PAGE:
Not perfectly straight, but then it would hardly be Osage otherwise.  I can work with this. It’s time to imagine a perfectly straight line down the back of the bow.  This will be your starting point when laying it out.

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Another look at growth rings revealed.

The growth rings are quite visible in this low, raking light. The smooth area nearest the viewer is down to the desired ring.  This will be the “back” of the bow, meaning the side facing away from the shooter.  Crossing the rings could cause the limb to “lift” and crack as the rings are stressed and pulled apart.

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Shaping and thinning.

This is nearing its final shape. This is a different stave from the one shown above but gets the point across.  I’ve documented the next part of the process elsewhere but will recap soon.

If you want to make a bow, dive in, don’t be afraid.  Get a piece of wood and go to it.

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Gourd Bottom Bags and More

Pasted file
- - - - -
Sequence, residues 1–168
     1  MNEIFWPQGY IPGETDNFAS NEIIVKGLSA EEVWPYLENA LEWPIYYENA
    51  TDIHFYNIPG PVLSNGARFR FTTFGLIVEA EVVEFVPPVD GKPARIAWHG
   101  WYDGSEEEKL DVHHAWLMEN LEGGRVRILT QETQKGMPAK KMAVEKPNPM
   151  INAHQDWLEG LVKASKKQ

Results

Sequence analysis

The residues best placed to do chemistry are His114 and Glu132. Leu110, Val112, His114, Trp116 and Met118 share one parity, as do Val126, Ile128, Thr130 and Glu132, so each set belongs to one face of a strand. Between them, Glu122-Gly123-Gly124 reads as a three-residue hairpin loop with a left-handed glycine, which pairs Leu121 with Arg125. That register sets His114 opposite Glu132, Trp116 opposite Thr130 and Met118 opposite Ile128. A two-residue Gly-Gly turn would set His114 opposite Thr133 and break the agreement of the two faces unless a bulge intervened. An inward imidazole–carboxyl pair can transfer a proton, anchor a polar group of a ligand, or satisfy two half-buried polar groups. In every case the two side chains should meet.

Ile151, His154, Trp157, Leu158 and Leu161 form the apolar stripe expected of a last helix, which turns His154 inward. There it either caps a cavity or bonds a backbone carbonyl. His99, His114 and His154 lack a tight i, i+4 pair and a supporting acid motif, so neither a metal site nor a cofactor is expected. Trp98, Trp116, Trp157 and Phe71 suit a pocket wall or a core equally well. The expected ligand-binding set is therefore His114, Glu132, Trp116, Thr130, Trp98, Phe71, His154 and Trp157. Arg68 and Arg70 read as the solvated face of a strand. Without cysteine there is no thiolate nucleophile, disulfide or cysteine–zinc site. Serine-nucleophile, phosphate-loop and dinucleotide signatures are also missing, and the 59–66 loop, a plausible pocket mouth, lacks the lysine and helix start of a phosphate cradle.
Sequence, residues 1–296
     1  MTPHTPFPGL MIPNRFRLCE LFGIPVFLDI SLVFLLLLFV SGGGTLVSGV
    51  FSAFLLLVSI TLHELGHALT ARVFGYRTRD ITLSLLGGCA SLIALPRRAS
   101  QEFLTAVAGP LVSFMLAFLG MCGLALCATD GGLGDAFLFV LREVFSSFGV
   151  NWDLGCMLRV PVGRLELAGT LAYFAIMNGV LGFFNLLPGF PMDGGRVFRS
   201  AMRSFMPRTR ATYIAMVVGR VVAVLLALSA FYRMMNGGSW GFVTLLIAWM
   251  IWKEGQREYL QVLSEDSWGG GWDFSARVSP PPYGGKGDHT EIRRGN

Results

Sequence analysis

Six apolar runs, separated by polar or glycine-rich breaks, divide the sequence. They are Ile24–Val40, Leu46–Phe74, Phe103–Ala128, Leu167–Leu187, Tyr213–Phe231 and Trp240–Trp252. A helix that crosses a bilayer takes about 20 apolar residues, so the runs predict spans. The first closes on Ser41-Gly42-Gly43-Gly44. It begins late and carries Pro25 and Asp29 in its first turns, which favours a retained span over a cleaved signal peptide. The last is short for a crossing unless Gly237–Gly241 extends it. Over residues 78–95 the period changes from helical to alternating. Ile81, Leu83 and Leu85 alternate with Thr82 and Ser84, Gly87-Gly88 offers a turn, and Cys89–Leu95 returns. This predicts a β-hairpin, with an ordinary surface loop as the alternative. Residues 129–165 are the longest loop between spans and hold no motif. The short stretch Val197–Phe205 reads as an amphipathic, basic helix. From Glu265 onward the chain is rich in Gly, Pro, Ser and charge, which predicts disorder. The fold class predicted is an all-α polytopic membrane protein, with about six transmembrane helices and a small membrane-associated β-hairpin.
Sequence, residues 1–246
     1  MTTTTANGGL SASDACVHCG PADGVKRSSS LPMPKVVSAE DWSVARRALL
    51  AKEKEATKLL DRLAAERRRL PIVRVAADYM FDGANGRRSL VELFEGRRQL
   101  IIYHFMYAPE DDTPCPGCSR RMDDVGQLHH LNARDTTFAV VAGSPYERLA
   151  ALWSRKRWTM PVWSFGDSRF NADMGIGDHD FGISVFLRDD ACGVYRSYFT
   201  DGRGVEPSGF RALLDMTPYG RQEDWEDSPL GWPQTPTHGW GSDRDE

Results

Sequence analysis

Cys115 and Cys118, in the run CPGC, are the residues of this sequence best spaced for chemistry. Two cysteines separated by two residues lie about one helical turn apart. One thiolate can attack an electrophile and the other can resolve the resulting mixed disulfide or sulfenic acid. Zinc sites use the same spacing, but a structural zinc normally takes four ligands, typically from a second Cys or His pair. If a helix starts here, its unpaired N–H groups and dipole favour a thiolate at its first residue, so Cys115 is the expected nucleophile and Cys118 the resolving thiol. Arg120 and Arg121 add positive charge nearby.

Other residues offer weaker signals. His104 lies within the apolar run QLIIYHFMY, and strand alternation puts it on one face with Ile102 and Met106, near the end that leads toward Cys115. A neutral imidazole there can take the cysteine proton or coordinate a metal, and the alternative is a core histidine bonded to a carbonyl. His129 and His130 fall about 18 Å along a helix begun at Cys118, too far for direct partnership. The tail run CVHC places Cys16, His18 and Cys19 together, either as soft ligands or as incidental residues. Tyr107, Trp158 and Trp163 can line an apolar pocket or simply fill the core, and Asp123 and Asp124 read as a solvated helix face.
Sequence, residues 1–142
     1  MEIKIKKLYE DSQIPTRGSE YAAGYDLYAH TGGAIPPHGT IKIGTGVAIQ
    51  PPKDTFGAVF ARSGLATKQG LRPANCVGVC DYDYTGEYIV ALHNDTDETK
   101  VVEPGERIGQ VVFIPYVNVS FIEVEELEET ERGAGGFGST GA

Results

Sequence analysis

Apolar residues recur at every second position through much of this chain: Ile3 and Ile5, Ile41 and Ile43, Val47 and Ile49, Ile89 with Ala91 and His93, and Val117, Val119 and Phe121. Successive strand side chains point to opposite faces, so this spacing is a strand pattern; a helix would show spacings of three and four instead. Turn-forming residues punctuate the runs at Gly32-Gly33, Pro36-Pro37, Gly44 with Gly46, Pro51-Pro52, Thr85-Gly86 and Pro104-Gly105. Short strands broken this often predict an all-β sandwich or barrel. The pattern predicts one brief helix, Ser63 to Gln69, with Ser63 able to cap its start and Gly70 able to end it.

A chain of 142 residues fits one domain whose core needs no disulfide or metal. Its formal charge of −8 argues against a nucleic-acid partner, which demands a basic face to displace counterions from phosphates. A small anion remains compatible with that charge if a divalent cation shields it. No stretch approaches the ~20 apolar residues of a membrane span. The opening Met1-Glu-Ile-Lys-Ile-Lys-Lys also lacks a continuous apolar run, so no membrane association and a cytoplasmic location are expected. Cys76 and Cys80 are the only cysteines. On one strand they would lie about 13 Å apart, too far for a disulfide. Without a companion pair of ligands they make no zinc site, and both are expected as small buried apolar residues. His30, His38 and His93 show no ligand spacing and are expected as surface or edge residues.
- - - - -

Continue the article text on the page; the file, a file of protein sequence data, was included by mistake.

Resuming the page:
Stacey has been adding her art to the shop lately so I wanted to give her a bit of a promotion here on the blog.  Among other things, she produces meticulous and beautiful art, beaded bags, earrings, and fiber arts.  Here are her latest additions to the shop.

The smaller bag on the left is jute and the larger is hemp, both with braintanned buckskin trim stitched into a gourd bottom.  The darker color is a homemade American walnut dye.

Here is a small sampling of what she makes below.  I’m sure she will be adding more in the coming weeks.  Consider checking them out on Etsy and “favoriting” our shop.

Crochet felted Icelandic wool hand bags.

Brain tanned buckskin medicine bag.

Buckskin neck bag.

Making a Bucksaw – Retrospective

At “Echoes in Time” Champoeg State Park, Oregon, USA 2014.

This is the prototype saw I used for teaching a bushcraft class at Echoes in Time in 2014.  Unfortunately, a split in the original wood spread last winter and I had to rebuild it.  Actually though, that is a beautiful thing when you can make your own tools.  I didn’t spend any abstract money for a new one, I didn’t have to trow away some sort of useless and polluting garbage, and I could readily improve the design based on several year’s use and observation.  I’ve sold about 20 of these now so the pattern is firmly ingrained in my brain and sinews while tweaking each batch to make them more pleasing to use and efficient to make. without losing the aesthetic of this ancient design.

Saw ready for assembly.